Ivy: A tree’s worst enemy

Volunteers crusade against a dominating plant

  • Friday, June 13, 2008 12:19pm
  • News
Bernedine Lund

Bernedine Lund


Bothered by the constant sight of trees filled with English Ivy plants seen along Interstate 5 during her daily commute from Federal Way to Seattle, Bernedine Lund decided to take action.

As a member of the Rainier Audubon Society, Lund has always been an advocate of preserving wildlife — particularly when it involves plants.

Lund’s usual walks around Dash Point State Park made her notice an overwhelming sight of English Ivy spreading through the park’s trees in an almost epidemic manner.

“It bothered me to see so many people coming to Dash Point from various parts of Washington and have them think this was normal,” she said. “Around Federal Way, it’s just everywhere.”

English Ivy — or Hedera helix — is a climbing vine that is native to southwest Asia and most parts of Europe. Its use has commonly been strictly ornamental and, particularly in the Pacific Northwest, it’s considered an invasive species due to its rapid ability to climb on trees, roadside plantings, parking lots, buildings, fences and other vertical surfaces.

Sometimes English Ivy, as it is commonly known in North America, can grow up to be 30 meters high if not controlled.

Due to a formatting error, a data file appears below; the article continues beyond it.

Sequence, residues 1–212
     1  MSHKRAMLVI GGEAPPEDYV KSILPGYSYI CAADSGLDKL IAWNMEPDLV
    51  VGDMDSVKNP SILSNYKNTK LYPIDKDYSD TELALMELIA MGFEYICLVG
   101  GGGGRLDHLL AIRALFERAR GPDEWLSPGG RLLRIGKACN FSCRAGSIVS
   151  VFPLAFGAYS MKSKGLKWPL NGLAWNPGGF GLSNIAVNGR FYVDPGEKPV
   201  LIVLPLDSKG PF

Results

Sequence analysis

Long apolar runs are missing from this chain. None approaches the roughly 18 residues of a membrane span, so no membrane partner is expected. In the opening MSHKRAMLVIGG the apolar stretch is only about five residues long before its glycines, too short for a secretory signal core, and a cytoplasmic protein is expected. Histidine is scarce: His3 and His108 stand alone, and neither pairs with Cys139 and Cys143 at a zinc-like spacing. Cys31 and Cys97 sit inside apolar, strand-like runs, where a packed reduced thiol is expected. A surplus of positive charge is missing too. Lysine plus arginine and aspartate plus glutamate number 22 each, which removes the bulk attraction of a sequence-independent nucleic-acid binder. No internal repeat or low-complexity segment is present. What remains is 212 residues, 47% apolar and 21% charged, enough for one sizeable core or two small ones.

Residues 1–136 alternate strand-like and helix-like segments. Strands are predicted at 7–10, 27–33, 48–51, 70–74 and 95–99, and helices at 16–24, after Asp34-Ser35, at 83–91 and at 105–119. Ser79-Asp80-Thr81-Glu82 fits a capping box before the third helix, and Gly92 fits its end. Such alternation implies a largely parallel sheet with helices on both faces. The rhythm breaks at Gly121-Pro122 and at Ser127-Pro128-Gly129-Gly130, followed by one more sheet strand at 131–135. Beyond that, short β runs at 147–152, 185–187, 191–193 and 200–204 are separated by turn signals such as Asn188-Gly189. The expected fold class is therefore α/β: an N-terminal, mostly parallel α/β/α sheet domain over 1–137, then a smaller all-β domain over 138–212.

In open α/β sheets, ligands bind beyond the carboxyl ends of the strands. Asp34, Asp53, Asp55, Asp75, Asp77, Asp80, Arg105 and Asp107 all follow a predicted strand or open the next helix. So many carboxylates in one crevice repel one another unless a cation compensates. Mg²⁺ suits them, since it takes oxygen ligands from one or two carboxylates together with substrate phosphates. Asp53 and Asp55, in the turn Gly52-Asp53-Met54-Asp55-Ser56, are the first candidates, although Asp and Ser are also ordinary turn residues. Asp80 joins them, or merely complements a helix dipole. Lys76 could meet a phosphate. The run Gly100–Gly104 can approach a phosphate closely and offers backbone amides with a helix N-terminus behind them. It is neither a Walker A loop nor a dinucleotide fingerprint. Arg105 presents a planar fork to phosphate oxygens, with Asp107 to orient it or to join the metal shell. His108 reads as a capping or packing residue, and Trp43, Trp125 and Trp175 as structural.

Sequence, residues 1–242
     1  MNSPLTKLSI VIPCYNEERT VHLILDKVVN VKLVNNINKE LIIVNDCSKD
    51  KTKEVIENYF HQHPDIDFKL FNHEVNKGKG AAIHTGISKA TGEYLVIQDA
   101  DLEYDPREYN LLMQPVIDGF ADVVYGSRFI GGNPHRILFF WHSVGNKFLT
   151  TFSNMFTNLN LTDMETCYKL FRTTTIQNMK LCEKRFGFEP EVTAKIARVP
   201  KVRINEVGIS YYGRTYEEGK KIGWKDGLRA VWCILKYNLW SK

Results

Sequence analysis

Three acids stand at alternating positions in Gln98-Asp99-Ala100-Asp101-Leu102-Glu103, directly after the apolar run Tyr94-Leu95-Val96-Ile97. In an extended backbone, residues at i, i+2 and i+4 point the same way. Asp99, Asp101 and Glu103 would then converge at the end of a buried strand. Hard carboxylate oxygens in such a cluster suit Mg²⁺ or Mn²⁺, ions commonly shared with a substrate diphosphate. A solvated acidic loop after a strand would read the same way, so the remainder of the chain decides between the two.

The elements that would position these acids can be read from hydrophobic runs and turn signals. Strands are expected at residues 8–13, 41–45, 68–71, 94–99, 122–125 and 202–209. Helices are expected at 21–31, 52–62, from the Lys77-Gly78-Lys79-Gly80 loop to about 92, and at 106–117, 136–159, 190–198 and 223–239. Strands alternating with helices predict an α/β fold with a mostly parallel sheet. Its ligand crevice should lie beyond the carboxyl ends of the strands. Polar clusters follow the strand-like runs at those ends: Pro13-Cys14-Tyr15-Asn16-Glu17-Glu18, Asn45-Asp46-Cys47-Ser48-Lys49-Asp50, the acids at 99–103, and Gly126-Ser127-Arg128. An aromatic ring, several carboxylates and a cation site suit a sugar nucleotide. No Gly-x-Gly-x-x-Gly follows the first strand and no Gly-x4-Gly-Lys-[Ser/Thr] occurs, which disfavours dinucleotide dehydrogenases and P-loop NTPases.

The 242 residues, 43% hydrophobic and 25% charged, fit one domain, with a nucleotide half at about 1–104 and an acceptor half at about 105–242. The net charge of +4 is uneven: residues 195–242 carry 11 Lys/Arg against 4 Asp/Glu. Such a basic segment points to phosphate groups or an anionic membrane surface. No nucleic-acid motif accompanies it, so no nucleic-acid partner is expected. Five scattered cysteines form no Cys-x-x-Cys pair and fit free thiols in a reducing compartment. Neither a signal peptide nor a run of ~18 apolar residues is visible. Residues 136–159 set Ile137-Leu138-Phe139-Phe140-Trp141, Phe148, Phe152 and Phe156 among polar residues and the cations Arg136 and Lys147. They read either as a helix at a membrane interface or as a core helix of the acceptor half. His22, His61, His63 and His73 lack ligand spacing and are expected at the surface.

“When most people see ivy, they actually think it’s part of the tree, and they can’t believe how big it can grow,” Lund said.

“Ivy kills trees by suffocating them, and can also add about 2,000 pounds to a tree, making it more vulnerable to blow up with the wind,” she said.

Ivy represents danger for any tree because it competes for water and nutrients.

The weed also blocks sunlight, shades out plants, can cause skin irritations and can even contribute to erosion in some cases. Ivy is also known to be a provider of hiding places for rats and other vermin.

English Ivy is even considered a noxious weed by the Washington State Noxious Weed Control Board.

Lund, together with other members of the Rainier Audubon Society, have committed every first Saturday of the month, since December of last year, to remove the ivy from the ground and trees throughout different areas of Dash Point State Park.

So far, the group has been successful in removing almost entirely the ivy affecting the upper and lower campground areas of the park.

“We worked for a total of 25 hours through the month of February on this project,” Lund said.

Different groups throughout King County, such as EarthCorps, Seattle Department of Parks and Recreation, and the South Woods Preservation Group, to name a few, also dedicate their time to removing ivy from local parks on a monthly basis.

“My main goal is to get people to recognize ivy and possibly contribute by getting rid of it in their own yards and neighborhoods,” Lund said.

Contact Aileen Charleston: acharleston@fedwaymirror.com.


For more information on English Ivy, its removal and other planting alternatives, visit

http://ivyout.org/index.html or e-mail philandbernedine2002@yahoo.com

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